The wine industry in California is worried that legal marijuana is stealing its labor and its kicks, according to a report on Fortune\’s website.
Writer John Kell explains how the wine industry is actually \”crushing it\” thanks to \”the coveted millenial generation,\” but it is worried about higher wages in the marijuana industry pulling away migrant workers and that more adults might choose to get buzzed on weed over wine. And apparently, Kell notes that this concern is backed up by some real data:
\”Cowen & Co. analyst Vivien Azer issued a widely cited report late last year that said there were signs cannabis sales were hurting demand for beer across several states where marijuana was legal. Domestic big beer brands like Bud Light and Coors Light appeared to face the greatest competitive threat to cannabis, while imported beers looked the most immune.\”
Personally, if that data is accurate, I don\’t see a problem there. First, both of those giant beer companies make awful beer that no self-respecting person should buy anyway. Second, alcohol is by far a more harmful and addictive substance than pot, and it will be hard to argue that society is any worse off if more people are smoking weed instead of drinking. That said, I don\’t think the major beer industries need to worry about their profits – worrying that people aren\’t going to buy Coors Light is like worrying they won\’t buy Coca Cola. Even if fewer people buy, corporate beer profits are going to remain enormous.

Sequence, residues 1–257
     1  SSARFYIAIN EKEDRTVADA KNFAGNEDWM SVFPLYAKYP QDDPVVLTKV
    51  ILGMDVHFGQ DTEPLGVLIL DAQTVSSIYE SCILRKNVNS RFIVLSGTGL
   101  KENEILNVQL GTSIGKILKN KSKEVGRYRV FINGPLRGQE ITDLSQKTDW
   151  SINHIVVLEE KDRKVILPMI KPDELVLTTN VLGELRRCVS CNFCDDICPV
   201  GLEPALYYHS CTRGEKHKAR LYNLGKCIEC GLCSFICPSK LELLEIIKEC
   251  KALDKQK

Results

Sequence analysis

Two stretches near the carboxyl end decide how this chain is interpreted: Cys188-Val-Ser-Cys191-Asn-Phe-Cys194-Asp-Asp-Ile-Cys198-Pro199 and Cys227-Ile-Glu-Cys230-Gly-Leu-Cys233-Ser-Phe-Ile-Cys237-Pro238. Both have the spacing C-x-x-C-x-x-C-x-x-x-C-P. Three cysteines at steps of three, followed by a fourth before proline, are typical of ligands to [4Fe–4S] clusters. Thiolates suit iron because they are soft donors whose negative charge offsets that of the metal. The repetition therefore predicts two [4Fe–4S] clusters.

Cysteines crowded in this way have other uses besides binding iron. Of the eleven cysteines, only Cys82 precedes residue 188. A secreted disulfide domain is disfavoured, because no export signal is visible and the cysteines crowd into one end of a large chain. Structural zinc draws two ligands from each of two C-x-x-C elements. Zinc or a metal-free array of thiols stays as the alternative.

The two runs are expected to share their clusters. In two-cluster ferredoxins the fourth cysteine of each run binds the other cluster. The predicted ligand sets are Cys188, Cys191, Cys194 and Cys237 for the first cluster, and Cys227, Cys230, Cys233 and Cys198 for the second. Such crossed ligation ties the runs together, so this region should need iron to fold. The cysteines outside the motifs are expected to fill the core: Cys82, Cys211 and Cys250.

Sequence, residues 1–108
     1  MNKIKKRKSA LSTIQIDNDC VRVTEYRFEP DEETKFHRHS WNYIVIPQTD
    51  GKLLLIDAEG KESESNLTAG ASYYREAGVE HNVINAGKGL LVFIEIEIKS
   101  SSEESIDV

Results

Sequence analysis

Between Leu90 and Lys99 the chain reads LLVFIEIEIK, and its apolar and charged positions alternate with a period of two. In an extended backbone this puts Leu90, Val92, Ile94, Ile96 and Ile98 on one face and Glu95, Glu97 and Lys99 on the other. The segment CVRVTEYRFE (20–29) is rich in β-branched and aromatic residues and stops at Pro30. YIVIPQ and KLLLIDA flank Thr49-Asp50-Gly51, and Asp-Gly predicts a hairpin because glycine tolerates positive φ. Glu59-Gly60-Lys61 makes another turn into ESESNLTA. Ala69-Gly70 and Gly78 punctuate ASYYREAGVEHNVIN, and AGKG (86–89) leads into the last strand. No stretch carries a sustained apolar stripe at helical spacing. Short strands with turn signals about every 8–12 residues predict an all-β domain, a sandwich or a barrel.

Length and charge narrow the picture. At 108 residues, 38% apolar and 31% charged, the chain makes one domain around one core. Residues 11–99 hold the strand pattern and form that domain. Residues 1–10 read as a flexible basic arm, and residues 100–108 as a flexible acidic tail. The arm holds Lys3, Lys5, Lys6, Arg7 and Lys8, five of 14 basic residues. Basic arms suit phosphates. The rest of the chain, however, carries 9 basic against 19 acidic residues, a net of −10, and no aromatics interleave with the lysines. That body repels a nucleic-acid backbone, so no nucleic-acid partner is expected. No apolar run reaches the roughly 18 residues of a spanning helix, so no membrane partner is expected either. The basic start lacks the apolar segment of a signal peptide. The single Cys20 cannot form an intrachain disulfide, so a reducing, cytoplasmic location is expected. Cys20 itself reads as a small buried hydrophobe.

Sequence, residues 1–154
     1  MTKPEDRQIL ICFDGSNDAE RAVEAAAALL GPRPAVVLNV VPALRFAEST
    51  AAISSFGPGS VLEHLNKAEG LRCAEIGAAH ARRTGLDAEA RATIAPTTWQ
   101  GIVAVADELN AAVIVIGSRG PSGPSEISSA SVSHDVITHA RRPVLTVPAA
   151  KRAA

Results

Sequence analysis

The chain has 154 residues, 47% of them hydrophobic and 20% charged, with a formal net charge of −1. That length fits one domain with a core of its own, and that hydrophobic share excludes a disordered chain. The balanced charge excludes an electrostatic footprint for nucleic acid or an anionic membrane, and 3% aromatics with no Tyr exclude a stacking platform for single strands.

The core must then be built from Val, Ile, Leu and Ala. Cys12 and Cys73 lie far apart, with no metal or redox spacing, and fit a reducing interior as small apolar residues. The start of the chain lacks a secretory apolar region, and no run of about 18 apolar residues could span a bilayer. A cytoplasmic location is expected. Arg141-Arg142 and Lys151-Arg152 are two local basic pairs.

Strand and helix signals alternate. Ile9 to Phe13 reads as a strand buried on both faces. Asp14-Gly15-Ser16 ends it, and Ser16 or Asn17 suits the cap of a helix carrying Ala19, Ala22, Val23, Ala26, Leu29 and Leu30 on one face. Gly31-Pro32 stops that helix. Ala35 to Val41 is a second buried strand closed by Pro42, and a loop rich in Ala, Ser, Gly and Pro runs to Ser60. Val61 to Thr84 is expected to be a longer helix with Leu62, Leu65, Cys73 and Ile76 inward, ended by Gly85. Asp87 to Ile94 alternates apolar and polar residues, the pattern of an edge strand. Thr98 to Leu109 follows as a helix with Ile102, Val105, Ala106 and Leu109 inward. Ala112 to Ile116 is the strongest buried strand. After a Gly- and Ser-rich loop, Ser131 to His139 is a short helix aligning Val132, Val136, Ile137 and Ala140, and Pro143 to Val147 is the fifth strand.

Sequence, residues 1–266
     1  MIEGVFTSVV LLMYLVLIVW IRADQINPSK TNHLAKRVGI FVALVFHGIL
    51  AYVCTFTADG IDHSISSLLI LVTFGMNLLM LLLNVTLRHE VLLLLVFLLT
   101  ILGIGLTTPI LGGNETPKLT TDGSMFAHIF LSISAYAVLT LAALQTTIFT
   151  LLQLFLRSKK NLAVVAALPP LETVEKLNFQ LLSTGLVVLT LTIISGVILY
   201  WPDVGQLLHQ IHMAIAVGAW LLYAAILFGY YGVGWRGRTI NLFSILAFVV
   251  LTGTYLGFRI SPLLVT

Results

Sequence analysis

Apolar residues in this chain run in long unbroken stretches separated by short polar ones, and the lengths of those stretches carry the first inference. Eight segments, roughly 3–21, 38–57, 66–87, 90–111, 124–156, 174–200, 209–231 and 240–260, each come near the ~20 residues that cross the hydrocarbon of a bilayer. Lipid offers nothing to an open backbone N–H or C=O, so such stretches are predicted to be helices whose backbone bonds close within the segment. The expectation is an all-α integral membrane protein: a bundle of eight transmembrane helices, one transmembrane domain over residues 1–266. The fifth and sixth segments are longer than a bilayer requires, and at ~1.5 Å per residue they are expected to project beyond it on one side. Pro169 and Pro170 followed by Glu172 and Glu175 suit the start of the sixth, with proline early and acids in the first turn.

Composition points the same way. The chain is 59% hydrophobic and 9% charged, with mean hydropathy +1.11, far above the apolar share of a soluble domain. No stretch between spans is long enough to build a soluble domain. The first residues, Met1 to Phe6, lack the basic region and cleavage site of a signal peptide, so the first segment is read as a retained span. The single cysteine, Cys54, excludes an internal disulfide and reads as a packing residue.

The wine industry\’s concerns about labor seepage to weed farms may be legitimate, especially now that California is going to attempt full-on legalization. But the idea that winemakers will sell less product solely because of weed is, I think, a bit paranoid. It comes down to consumer choice, and the people who buy wine generally like it way too much to quit it, even if they like their weed, too.
The race to get American brains buzzing isn\’t a zero-sum game. Americans have been smoking herb and drinking booze – sometimes at the same time, sometimes not – for decades. In fact, because both products tend to attract the \”connoisseur,\” I could see wine-weed pairings happening, especially in California. Look, there\’s even this guide that tells you how to pair the two substances! Overall, the competition between makers of wine and weed should be more friendly than fierce.